The smart home could soon be running on its own.
Legrand sees a future where your smart home learns based on your habits and behaviors -- even knowing when to turn on the lights for your 3 a.m. bathroom run.
The French-based electrical equipment company hopes to make smart homes autonomous, where shades open and the coffee maker gets started before you wake up. Like iOS's automated traffic helper, that uses your frequent locations and tells you how long your commute will be, Legrand wants to use the same data, but apply it to your alarms.
Like if traffic meant an extra 20 minutes on your ride to work, Legrand's Eliot program wants to be able to connect that information from your phone to your connected clock, and set your alarm back 20 minutes so you'd wake up in time, all while you're asleep.
Eliot's goal is to connect IoT devices across all platforms into a single, smooth experience. To do that, it's teamed up with Samsung, Amazon and Cisco. Instead of pushing out its own products, Legrand hopes to build off the millions of smart devices that are already in people's homes.
"You'll hear people talking about lighting, or they'll talk about the home theater," Legrand's North and Central America CEO John Selldorff said. "But we're the only ones talking about relationships between all those. You're not just walking in a room to turn the lights on. You're going in to turn the TV on, to talk with people, to entertain."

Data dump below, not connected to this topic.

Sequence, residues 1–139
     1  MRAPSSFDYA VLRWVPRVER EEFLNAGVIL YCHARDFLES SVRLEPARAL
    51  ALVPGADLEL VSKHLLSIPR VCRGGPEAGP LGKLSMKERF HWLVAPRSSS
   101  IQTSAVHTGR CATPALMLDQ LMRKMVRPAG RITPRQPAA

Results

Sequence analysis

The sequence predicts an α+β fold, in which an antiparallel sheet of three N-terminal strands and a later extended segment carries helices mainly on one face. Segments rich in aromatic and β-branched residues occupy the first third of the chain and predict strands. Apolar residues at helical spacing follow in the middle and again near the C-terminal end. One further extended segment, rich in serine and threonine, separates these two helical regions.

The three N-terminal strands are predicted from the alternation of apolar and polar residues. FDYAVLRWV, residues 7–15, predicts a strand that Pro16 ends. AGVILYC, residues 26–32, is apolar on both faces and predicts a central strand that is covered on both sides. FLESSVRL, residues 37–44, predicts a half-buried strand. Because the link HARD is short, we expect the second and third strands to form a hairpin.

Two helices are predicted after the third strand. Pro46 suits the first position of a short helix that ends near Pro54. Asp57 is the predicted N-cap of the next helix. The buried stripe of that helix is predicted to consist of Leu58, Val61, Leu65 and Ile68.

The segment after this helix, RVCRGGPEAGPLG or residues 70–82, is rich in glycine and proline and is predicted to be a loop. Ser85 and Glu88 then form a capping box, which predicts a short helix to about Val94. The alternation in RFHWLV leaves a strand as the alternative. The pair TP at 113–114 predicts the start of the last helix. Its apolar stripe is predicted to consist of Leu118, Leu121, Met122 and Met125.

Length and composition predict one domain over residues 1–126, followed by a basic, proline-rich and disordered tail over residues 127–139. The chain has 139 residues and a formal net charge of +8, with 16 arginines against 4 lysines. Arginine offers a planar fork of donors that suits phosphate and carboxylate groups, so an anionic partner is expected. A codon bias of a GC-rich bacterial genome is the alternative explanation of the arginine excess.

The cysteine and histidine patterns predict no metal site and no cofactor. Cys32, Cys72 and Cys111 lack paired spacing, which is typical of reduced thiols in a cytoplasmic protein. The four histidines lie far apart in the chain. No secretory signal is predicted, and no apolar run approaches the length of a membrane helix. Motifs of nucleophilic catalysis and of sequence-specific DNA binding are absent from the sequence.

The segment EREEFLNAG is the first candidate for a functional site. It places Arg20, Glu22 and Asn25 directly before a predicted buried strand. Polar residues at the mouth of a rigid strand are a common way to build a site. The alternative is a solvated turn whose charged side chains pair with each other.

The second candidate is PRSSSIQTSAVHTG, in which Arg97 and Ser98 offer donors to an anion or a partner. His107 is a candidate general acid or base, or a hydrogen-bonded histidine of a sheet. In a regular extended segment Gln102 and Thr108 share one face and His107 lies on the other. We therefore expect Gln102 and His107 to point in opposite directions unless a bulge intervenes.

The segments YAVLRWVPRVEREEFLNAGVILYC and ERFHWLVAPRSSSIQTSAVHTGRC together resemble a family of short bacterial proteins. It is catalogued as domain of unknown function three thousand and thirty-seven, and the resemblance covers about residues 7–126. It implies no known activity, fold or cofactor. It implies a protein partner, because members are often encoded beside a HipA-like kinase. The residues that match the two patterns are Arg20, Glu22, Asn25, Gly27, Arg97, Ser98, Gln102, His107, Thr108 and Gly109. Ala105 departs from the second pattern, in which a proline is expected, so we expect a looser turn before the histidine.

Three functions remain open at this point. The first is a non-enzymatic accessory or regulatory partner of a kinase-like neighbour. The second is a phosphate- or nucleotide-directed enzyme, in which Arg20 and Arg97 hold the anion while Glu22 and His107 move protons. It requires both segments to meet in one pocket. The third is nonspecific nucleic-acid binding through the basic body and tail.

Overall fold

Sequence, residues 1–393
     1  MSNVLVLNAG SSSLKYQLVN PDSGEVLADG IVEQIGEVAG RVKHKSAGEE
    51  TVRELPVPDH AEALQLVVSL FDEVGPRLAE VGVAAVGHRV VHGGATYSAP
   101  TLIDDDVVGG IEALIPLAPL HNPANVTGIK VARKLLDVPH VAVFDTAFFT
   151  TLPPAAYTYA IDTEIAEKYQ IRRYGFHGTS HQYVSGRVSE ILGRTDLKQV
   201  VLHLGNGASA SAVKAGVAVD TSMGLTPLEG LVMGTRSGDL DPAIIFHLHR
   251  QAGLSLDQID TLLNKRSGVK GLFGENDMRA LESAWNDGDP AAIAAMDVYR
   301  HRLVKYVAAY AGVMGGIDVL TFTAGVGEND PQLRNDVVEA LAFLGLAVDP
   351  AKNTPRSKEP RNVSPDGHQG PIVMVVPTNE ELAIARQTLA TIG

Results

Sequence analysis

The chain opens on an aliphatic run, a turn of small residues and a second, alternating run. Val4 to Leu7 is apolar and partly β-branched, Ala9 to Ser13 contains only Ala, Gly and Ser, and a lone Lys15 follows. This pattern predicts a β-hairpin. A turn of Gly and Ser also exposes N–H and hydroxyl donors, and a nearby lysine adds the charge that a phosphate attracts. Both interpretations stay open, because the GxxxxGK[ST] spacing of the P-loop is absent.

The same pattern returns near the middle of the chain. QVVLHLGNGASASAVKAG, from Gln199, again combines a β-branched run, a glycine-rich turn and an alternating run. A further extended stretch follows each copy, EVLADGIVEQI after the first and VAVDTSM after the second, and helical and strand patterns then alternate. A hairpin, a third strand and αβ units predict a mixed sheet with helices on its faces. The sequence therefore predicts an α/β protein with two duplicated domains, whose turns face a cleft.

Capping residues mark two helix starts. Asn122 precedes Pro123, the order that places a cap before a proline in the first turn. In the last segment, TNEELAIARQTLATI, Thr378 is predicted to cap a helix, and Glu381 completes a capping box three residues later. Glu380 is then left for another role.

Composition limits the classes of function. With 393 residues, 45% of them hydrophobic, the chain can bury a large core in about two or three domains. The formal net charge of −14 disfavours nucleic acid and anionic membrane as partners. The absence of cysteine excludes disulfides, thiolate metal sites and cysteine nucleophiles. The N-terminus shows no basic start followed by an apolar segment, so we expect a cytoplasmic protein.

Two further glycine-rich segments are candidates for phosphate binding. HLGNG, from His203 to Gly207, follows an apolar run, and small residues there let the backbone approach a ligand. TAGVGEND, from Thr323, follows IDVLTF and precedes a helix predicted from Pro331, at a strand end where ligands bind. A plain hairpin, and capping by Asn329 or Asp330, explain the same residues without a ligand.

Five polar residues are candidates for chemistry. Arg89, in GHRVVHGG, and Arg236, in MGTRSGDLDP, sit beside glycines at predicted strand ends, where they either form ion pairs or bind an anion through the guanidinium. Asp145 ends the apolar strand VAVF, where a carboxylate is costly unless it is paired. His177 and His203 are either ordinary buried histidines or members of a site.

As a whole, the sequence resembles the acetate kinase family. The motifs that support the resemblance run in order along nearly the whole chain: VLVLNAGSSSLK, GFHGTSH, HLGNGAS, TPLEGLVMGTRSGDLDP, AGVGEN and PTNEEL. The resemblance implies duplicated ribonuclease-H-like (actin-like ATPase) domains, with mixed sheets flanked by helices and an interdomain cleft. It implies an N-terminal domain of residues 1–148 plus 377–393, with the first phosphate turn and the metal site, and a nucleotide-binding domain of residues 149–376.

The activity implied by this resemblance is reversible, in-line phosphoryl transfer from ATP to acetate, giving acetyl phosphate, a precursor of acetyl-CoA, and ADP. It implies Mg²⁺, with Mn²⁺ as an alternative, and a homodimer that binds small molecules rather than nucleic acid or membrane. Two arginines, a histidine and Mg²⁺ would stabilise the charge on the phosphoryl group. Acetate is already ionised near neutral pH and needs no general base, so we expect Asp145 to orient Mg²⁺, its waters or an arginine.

Eliot's name comes from a combination of Legrand's main product, electricity and the IoT.
A majority of Legrand's market is building infrastructure for offices, by providing lighting and networking for businesses. It had partnered with Cisco in the past on the business network-equipment company's "Digital Ceiling Framework," which wired up Legrand's office lights, thermostat and shades into one automatic system.
Based on a person's profile, lights and temperatures would automatically adjust depending on who was in the room. Legrand hopes to bring that element to the home, while upping the ante with voice control through.
Eliot also uses Samsung's ARTIK Cloud to get all the connected devices in the room to work with each other through an all-in-one control system. Legrand's lights will be able to be controlled through third-party services also like IFTTT.
By learning from habits and timing and data in IoT devices, Legrand is betting on Eliot being able to make your daily life autonomous, from the moment you wake up, get to work and head back home.
With Eliot comes presence sensing technology, meaning your connected devices would be able to tell when you -- or your dog -- are in the room, as well as how fast you're moving and where you're headed. It's how your smart home would be able to light up a pathway during any midnight snack runs.
Selldorff said he hoped Eliot would be the opening to making smart homes and offices mainstream. Right now, the CEO said, interior designers and architects aren't really aware of the potential out there for an autonomous building, and could be turned off by the costs and potentially confusing setup.
With Eliot, he hopes the add-ons to existing IoT devices will help cut through that confusion.
"It's evolutionary and it's appropriate," Selldorff said. "Things we've envisioned since watching 'The Jetsons,' it's now a reality for what we can do."